Podcasting has been experiencing a renaissance lately, and for good reason. Podcasts can be about a wide variety of topics, from Apple to sports, comedy, storytelling and so much more. It’s a great time to get into podcasting because the barrier to entry is so low and you don’t have to break the bank to buy a totally workable setup.
Some of the greatest podcasts in the iTunes Top Charts are regularly recorded using sub-$100 to $300 mics. Whether you want to gain influence in a community or nerd out about the latest iPhone, a podcast is a great place to do it.
Audio-Technica has far, far too many models of in-ear earphones to count. I mean, literally — I tried counting them and gave up due to exhaustion and severe dehydration (I stopped at about 20, which makes me a wimp and means I should probably drink more water).
So why are they adding six more models (which the company is calling their “SonicFuel” series) to the mix? And why do they bear an uncanny resemblance to Monster’s iSport earphones, right down to the swiveling ports and massive flange? Whatever the answers to these questions might be, the new sets, at $50-$100, are in just about the right price-range for holiday gifts; and if the fit really is identical to what we experienced with the iSPorts, they’re probably really comfy.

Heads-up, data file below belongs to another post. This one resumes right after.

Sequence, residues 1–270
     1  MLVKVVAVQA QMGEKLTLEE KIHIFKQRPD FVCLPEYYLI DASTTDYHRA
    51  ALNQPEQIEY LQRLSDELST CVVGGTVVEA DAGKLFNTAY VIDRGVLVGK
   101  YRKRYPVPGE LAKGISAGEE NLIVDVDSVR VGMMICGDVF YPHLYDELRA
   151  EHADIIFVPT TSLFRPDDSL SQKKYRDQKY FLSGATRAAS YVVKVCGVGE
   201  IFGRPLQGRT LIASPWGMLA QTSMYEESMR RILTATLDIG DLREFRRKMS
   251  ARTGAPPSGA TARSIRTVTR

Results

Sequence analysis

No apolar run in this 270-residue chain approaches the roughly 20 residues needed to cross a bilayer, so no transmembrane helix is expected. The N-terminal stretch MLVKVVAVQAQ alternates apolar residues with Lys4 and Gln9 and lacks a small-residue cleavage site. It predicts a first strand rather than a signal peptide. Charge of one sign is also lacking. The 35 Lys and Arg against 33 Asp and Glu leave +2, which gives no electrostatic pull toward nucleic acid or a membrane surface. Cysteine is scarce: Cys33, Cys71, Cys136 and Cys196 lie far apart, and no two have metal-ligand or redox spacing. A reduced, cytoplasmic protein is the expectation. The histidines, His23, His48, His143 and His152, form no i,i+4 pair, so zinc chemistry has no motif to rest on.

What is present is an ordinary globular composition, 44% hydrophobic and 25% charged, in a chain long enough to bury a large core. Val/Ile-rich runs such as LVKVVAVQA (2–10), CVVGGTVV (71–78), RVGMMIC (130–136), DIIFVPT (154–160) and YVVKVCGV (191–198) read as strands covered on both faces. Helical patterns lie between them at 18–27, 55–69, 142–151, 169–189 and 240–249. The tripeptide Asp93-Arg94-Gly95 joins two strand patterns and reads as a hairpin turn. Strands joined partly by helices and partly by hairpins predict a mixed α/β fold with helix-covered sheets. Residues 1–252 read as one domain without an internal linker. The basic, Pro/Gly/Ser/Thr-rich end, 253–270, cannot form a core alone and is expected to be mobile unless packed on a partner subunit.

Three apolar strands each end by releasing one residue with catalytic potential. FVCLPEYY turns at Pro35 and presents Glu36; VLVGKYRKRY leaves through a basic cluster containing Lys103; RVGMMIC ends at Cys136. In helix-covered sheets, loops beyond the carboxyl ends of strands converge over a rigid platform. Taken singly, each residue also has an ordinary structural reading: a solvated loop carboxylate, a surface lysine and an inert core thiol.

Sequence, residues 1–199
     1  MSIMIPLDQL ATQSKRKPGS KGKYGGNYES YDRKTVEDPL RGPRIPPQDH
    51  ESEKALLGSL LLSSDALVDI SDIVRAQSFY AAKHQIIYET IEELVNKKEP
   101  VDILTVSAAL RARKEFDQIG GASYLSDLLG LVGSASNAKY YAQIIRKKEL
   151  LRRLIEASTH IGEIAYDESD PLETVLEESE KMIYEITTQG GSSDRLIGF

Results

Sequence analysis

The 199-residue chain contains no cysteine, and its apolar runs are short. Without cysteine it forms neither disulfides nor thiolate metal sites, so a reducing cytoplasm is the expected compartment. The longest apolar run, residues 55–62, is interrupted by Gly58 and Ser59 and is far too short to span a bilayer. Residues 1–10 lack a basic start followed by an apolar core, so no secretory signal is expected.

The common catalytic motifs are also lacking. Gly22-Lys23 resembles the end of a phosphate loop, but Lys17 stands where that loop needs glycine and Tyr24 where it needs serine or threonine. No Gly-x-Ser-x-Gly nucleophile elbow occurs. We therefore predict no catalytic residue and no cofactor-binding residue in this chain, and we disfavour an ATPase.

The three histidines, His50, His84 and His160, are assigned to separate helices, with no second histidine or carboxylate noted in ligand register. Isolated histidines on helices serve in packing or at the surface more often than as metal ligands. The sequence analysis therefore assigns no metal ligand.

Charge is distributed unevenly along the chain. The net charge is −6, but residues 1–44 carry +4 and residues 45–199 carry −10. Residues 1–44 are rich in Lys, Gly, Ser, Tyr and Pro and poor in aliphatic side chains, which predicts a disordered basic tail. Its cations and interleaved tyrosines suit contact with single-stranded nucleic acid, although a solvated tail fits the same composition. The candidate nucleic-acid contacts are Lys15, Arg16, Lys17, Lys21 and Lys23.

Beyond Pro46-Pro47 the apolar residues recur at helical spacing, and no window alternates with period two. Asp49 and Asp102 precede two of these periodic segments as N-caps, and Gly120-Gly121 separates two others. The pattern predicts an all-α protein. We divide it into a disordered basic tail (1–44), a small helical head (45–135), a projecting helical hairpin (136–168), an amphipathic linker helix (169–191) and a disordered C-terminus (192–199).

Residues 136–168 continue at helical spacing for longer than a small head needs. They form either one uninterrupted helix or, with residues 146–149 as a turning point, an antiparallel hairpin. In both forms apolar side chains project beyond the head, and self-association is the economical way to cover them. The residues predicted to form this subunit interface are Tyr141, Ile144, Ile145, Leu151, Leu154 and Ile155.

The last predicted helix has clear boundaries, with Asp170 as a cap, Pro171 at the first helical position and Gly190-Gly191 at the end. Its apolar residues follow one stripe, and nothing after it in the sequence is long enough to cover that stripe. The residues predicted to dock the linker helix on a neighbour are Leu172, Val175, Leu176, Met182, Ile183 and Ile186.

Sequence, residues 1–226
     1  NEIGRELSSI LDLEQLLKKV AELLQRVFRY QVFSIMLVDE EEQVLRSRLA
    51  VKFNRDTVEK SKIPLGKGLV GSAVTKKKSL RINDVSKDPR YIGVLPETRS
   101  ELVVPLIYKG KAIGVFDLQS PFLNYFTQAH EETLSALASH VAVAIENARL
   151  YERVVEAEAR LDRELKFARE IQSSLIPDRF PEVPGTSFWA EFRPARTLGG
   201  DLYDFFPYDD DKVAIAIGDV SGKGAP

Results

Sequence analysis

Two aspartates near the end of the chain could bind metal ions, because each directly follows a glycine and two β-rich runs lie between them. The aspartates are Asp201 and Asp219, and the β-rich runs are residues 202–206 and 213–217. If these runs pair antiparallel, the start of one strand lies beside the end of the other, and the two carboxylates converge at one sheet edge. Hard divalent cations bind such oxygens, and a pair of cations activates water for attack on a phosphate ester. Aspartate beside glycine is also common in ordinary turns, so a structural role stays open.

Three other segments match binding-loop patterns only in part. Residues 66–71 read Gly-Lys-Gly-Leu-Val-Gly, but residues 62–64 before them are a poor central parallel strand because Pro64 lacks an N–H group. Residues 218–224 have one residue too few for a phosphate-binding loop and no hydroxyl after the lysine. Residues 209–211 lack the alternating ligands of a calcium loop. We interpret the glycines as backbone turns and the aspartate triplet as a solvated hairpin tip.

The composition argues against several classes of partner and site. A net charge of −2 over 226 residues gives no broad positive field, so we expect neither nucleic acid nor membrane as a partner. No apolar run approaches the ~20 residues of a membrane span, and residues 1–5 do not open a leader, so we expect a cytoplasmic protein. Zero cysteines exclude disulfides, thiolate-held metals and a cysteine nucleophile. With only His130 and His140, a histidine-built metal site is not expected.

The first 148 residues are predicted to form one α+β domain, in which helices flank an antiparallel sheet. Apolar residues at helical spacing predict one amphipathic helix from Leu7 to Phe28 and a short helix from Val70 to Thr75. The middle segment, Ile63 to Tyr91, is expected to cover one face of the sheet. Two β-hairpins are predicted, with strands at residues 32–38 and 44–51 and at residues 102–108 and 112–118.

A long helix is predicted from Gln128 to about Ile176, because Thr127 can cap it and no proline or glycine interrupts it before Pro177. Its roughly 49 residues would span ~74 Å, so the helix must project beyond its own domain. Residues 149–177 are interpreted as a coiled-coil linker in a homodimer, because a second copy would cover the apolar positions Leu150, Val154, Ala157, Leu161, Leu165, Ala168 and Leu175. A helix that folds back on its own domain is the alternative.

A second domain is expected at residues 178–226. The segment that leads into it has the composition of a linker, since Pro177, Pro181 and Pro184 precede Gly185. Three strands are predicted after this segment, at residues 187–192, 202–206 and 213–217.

The quality of Audio-Technica’s products is legendary, and their ATH-M50 headphones ($200) are no exception. Mids are smooth, highs are clear — and the bass rocks my ears. In fact, these guys are the cans for rock.
Boy, those blue-shirted Apple employees must be going nuts just trying to keep up with all the different in-ear headphones out there. Still, can’t hurt to have a few more at the party — especially if they’re from a manufactrer with a rep for awesome bang-for-buck.
The ATH-BT03 (pictured above) is going to grab all the attention. It’s an $80 wireless Bluetooth headset that does the whole phone and music thing and looks wicked small.
Audio Technica’s other anouncement yesterday, the less flashy ATH-CK400i (jeez, their marketers must have attended the same fun product-naming class the marketing peeps at Sony did) is simply an in-ear set with an inline controls and a mic — but it’s priced at a measly $60.